Whirty: Shining a light on black baseball star Ted Strong
From SABR member Ryan Whirty at the South Bend Tribune on June 3, 2014:
Sherman Jenkins wants answers.
The journalist, interviewer and author practically demands to know why Negro Leagues baseball star and South Bend native Ted Strong, despite serving honorably in the Navy during World War II, was denied a full military funeral and instead lies buried in an unmarked grave in suburban Chicago.
“That still remains a mystery, and I was kind of taken aback by that,” said Jenkins, who is working on a book about Strong, Strong’s father, Ted Sr., and his brother, Othello, also talented athletes. “He was honorably discharged, but why he hadn’t gotten all of that (military pageantry), remains a question, and it’s one of the things I’m trying to work on.”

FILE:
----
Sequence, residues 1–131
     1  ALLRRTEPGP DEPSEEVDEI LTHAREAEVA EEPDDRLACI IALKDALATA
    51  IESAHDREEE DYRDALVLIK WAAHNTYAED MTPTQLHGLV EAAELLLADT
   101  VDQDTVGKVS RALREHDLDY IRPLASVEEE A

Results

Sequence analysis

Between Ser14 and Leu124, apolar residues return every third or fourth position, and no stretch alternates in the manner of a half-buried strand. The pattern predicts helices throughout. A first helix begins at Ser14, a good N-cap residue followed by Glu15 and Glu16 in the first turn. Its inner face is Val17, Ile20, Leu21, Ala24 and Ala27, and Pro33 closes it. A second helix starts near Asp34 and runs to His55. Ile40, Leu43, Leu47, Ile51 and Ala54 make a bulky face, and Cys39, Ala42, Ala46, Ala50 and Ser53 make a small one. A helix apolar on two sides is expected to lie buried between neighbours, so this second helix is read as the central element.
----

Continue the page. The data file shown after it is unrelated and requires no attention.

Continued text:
Jenkins isn’t alone in his desire to finally provide Strong Jr., who died in 1978 at (most likely) age 61, the dignity in death that has so far eluded him. Thanks to the nationally known Negro Leagues Grave Marker Project, which has already placed burial stones on the previously unmarked graves of dozens of Negro Leaguers, Strong will receive a marker at his burial site at Lincoln Cemetery in Blue Island, Ill. NLBGMP founder Jeremy Krock said the stone has arrived at the cemetery and is just waiting for formal dedication.
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This page was last updated June 4, 2014 at 5:55 pm MST.